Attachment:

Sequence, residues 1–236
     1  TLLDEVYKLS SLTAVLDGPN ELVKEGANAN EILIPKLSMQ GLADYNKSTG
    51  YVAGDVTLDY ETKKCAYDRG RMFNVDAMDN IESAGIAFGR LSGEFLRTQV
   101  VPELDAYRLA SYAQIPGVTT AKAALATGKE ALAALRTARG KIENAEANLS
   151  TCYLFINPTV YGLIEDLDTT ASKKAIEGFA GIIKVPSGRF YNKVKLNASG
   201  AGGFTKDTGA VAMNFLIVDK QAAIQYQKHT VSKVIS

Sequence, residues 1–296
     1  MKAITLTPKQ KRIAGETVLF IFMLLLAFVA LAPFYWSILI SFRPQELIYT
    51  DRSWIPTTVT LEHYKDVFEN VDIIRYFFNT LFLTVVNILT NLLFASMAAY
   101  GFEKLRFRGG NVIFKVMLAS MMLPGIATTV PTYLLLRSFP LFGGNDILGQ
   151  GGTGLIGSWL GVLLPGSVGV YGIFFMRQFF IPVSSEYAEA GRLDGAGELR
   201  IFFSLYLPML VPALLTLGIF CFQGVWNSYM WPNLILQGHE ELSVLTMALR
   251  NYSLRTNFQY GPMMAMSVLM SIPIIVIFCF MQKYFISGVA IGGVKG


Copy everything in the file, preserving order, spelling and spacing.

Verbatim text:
Sequence, residues 1–236
     1  TLLDEVYKLS SLTAVLDGPN ELVKEGANAN EILIPKLSMQ GLADYNKSTG
    51  YVAGDVTLDY ETKKCAYDRG RMFNVDAMDN IESAGIAFGR LSGEFLRTQV
   101  VPELDAYRLA SYAQIPGVTT AKAALATGKE ALAALRTARG KIENAEANLS
   151  TCYLFINPTV YGLIEDLDTT ASKKAIEGFA GIIKVPSGRF YNKVKLNASG
   201  AGGFTKDTGA VAMNFLIVDK QAAIQYQKHT VSKVIS

Sequence, residues 1–296
     1  MKAITLTPKQ KRIAGETVLF IFMLLLAFVA LAPFYWSILI SFRPQELIYT
    51  DRSWIPTTVT LEHYKDVFEN VDIIRYFFNT LFLTVVNILT NLLFASMAAY
   101  GFEKLRFRGG NVIFKVMLAS MMLPGIATTV PTYLLLRSFP LFGGNDILGQ
   151  GGTGLIGSWL GVLLPGSVGV YGIFFMRQFF IPVSSEYAEA GRLDGAGELR
   201  IFFSLYLPML VPALLTLGIF CFQGVWNSYM WPNLILQGHE ELSVLTMALR
   251  NYSLRTNFQY GPMMAMSVLM SIPIIVIFCF MQKYFISGVA IGGVKG